There's something about the way flight sims conduct themselves that simultaneously alienates and entices the gamer. At once they seem too aloof to be considered entertainment, and yet so impossibly brimming with fastidious detail that - well, how could it not be entertaining? In the end, its the daunting scale of the flight sim's proposition that whittles down its long-term audience, turning a cold shoulder to those who wanted to get a Cessna in the air without fifteen minutes of prior reading, but revealing a rich hobby that seems to transcend gaming to those prepared to put in the graft.
The world's a blissful, combat-free place in Dovetail Flight School - for something to air your crosshairs at, try the best WW2 games on PC.
And if playing a flight sim is sufficiently daunting that only a dedicated minority perseveres, what must it be like to develop one? To be tasked not just with understanding the physics model and controls, but implementing them in the first place?
Stephen Hood, formerly creative director on Codemasters' F1 series, knows exactly how it feels. Now the creative director on Dovetail Flight School, he freely admits that flight sims haven't been a lifelong passion but rather an occasional intererest.
"The last flight sim that I bought myself was [Microsoft Flight Simulator 2004] Century of Flight from Microsoft in 2004," he tells me, "and I didn't get a great deal out of that. I had the myriad disks that came with that, [but[ I was left wanting. There didn't seem in my mind to be a purpose to the experience, other than the one that you would create in your head. You have to create these fantasies, like 'Oh I'm doing this kind of job, or I'm this kind of airline pilot, or I'm a commercial pilot shuttling this cargo around.'"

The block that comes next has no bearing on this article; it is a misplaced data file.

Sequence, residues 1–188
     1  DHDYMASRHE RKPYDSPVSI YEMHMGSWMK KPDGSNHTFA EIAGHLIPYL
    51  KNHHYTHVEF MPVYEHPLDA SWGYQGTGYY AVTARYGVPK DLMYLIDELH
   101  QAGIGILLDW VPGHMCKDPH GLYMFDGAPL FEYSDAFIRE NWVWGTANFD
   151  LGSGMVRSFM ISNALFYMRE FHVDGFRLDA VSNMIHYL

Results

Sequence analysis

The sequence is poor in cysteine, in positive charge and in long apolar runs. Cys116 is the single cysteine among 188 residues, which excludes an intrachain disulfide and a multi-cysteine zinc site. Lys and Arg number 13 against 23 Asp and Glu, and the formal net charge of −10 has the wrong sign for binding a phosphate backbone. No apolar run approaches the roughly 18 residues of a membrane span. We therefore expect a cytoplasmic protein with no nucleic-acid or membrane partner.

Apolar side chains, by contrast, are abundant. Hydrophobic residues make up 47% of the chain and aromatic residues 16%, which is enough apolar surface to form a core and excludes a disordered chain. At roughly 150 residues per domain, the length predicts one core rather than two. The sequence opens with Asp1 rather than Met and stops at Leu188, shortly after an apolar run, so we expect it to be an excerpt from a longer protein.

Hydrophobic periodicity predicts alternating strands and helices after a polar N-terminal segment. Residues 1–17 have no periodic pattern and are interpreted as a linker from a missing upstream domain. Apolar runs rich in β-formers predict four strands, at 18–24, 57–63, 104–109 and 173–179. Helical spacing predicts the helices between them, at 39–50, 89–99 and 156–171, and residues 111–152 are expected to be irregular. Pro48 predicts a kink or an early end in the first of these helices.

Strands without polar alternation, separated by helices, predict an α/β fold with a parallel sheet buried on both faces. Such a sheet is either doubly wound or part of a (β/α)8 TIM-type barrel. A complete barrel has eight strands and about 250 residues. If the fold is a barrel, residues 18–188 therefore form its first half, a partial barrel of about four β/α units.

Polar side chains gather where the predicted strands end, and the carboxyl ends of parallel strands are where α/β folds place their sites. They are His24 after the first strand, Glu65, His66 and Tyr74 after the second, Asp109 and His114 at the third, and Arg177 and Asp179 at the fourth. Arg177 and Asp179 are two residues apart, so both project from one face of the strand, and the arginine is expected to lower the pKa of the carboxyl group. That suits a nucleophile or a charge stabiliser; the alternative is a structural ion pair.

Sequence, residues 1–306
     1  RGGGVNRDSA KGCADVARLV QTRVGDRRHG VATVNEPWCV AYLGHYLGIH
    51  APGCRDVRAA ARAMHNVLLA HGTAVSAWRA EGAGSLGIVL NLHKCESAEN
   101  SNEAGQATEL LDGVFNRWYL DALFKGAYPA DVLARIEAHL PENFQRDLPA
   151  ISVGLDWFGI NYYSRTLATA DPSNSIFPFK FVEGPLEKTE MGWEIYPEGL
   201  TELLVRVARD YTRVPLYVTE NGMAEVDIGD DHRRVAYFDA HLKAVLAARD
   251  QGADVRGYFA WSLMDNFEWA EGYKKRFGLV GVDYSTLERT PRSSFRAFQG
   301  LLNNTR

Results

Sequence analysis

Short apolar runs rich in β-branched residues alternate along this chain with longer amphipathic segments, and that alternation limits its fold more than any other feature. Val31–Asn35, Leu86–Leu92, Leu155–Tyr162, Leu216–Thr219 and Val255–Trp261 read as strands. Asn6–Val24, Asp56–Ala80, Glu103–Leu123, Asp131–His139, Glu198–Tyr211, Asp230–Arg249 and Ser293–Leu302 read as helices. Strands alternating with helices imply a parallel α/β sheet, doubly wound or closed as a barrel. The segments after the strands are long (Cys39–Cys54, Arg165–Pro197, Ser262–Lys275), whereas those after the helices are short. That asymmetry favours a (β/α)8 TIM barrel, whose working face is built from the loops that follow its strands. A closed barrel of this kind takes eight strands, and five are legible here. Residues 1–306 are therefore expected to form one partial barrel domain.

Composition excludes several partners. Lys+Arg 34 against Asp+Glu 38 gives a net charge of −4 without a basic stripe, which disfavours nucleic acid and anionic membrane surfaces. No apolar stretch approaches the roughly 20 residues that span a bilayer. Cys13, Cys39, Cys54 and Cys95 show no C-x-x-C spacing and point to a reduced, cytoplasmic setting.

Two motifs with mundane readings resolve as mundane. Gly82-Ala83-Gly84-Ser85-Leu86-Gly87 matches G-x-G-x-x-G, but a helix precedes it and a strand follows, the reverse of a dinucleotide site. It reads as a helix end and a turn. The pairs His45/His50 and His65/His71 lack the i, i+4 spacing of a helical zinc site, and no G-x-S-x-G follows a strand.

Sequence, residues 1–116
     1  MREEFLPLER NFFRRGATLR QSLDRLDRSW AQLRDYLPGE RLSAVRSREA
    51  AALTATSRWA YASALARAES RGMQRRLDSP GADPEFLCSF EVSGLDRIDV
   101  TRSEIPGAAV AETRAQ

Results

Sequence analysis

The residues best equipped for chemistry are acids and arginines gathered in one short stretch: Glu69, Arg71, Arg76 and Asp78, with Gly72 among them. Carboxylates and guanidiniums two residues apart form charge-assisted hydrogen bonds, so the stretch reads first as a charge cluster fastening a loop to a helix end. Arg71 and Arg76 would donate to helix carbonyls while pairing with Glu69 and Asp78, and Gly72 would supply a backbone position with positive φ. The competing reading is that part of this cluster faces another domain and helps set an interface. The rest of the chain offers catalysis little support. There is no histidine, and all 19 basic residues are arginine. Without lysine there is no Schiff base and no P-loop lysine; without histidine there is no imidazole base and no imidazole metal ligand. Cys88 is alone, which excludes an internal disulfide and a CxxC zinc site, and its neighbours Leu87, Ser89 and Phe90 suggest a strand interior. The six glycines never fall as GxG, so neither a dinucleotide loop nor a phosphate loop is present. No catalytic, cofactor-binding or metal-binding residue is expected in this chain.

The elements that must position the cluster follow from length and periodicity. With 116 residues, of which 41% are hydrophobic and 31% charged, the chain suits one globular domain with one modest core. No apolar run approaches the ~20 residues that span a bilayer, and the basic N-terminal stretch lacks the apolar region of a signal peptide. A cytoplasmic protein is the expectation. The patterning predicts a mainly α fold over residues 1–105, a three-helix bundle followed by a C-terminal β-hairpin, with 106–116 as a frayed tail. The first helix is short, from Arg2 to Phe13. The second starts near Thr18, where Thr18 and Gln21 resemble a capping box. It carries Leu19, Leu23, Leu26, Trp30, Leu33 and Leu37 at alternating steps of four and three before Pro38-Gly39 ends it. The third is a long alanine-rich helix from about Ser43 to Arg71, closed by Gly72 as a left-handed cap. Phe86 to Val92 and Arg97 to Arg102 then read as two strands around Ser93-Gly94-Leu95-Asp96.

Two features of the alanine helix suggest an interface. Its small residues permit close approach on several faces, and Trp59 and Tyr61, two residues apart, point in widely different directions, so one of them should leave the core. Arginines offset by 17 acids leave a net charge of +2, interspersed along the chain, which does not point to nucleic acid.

Growing up with flight sims from the Amiga era onwards, Hood found it to be a hit-and-miss genre, but for "a few greats." However, he's always wanted to make one himself - to Hood, the whole space seems like a missed opportunity in the last few years for all but "a few large companies who have maybe lost their way, if I may be so bold."
So, taking the role as creative director on Dovetail Flight School, itself a modern refresh of Microsoft's Flight Simulator X's nuts and bolts, Hood went method.
"What I did when I joined a year and a bit ago was to start studying as if I was going to become a qualified private pilot. I bought all the books, started studying for the exams, nearly put myself down for some of them, and I've gone and done some of the practical lessons at a local airfield."
He's immersed himself in that world, he says. It's a world that in reality is closed off to the majority behind a towering paywall, and as a result most people who pick up a flight sim don't know how accurate the simulation model they're dealing with really is. The same could be said of an F1 car, Hood's previous preserve, too - but if you've ever strapped into a go-kart or attended a track day you can at least join the dots.
That absence of like-for-like experience leads to some pretty banal activities sneaking their way into flight sims, like hoop flying. "I've never liked it," says Hood. "I think one of the things I've tried to do is capture what it means to be there - in reality you don't fly through hoops, you have an instructor who sits beside you, and waypoints on a GPS should you be allowed to use it.